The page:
Perhaps it’s the constant threat of snow the last couple weeks, but I’ve started to notice the cracks in this city, through which both the icy wind and my imagination can howl. To be honest, I’m not a big fan of snow. Where I grew up the snow and dark could last for months. As a child it sometimes seemed my only refuge was the world of books and the fiery corners of my imagination.
ABANDONED KONAK, YENIKÖY.
More often than not the tales I disappeared into were of a dark, gothic nature. So, thanks to the snow, my imagination has started to shade the city a touch gothic lately. I mean this in the literary sense — and not the medieval architectural sense. I mean in the details, in the strange slanted light, the clacking shutters of empty casements, and the creaking of floorboards.
Istanbul is full of abandoned shambling old konaklar. Once upon a time these were splendid, sometimes stately homes, but now because of land disputes, dispossession or bad debts have been left to moulder and rot until they collapse into wreckage. It always strikes me that they must have been difficult to live in even when brand new, as they seem proportioned with improbably high-ceilings and comparatively narrow floor spaces, such that you could almost imagine they were dreamed up and then fled from by some noble race of incredibly tall, slender beings.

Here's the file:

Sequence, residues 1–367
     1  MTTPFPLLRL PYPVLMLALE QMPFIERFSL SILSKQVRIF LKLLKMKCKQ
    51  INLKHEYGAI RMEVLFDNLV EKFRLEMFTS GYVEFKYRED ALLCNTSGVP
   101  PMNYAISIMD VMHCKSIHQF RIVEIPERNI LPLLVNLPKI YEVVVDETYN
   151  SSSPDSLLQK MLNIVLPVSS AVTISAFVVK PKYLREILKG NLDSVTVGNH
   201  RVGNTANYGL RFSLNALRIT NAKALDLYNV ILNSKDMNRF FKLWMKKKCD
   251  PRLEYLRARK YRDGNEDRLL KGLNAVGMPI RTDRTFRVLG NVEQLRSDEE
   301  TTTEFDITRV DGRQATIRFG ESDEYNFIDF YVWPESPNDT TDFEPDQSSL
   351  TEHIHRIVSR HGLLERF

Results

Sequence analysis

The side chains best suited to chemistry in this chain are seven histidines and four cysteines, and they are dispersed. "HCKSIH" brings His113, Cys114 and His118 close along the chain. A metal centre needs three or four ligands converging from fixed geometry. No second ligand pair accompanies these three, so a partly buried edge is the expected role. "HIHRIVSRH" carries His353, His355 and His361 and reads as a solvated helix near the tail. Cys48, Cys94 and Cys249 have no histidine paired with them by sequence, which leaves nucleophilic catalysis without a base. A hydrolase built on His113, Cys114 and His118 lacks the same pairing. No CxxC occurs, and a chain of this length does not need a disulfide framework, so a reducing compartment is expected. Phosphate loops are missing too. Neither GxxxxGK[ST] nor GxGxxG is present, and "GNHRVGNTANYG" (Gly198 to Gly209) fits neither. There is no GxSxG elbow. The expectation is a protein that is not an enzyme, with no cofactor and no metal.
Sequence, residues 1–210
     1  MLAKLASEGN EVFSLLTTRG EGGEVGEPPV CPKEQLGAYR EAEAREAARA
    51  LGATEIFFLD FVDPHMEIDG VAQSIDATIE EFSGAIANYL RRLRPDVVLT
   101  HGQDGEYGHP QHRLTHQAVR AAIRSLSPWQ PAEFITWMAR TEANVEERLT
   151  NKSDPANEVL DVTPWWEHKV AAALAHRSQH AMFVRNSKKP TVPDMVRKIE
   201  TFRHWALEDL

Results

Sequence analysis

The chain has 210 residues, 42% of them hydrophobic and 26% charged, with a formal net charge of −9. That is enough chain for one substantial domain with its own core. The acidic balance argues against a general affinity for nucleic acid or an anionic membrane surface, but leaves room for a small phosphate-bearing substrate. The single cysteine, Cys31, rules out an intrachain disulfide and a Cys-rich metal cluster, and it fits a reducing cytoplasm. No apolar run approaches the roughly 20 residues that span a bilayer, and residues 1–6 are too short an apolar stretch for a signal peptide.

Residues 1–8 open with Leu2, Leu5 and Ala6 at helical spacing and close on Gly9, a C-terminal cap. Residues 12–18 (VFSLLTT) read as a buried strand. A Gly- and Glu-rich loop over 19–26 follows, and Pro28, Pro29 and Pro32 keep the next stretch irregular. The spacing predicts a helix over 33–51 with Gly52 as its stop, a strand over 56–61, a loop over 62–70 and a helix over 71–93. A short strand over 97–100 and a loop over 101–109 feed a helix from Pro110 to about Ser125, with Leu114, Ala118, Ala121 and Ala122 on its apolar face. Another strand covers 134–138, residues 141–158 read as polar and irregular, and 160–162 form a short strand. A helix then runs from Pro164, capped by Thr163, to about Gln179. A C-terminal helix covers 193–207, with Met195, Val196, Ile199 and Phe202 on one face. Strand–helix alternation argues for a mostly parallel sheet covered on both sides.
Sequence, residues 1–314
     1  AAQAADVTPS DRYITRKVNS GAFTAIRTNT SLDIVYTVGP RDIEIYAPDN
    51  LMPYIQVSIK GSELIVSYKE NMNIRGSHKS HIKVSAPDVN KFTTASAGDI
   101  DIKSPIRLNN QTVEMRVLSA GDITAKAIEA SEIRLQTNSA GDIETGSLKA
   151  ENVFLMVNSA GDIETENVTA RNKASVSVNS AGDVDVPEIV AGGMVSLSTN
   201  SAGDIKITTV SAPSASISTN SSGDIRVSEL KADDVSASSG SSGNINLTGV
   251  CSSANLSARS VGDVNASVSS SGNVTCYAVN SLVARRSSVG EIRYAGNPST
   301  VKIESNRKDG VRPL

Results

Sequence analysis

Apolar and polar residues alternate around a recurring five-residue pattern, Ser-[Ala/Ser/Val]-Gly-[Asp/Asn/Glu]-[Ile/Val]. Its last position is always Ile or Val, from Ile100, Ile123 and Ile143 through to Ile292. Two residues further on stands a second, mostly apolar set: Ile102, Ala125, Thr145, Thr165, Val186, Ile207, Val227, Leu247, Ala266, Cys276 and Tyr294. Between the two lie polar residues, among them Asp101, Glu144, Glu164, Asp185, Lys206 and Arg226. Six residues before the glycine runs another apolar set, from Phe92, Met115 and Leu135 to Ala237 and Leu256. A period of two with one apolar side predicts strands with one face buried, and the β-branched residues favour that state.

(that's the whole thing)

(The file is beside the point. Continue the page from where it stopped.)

Perhaps even the wood these konaklar are built from possesses a certain haunted aspect. Trees are marked by such longevity and resilience that there’s something ironic/tragic about their impermanence when used as a building material. Still, wood, growing or dead, more than any other static material seems to have a voice. It contracts like creaking bones in the cold, and pops, crackles and reveals its fiery spirit when exposed to dry heat.
THE BARK OF A SYCAMORE.
Which brings me to they city’s trees. Of all the city’s abundant species, it’s the sycamore/plane trees that speak the loudest to me with their incredible variegated, chipped bark. It’s easy to see patterns, and imagine a story or three buried in the cores of these majestic sentinels which line Istanbul’s grand boulevards. They are fantastic looking trees with big broad leaves which look like those of a maple. Wet, their bark produces incredible deep saturated hues from green to reddish brown and reveal all sorts of interesting patterns. Can you see the skull in the image immediately above?
I love to glimpse things that may or not be there, that may or not exist. Whether it’s in the bark of a tree, through the broken casement of an old konak, or the distortion in a piece of colored glass. It’s entertaining to ask yourself whether what you see is real, or simply a trick of the light. In any case, a single glimpse can haunt you for days.
A MYSTERIOUS WOMAN? OR A TRICK OF ISTANBUL LIGHT? WHAT DO YOU SEE?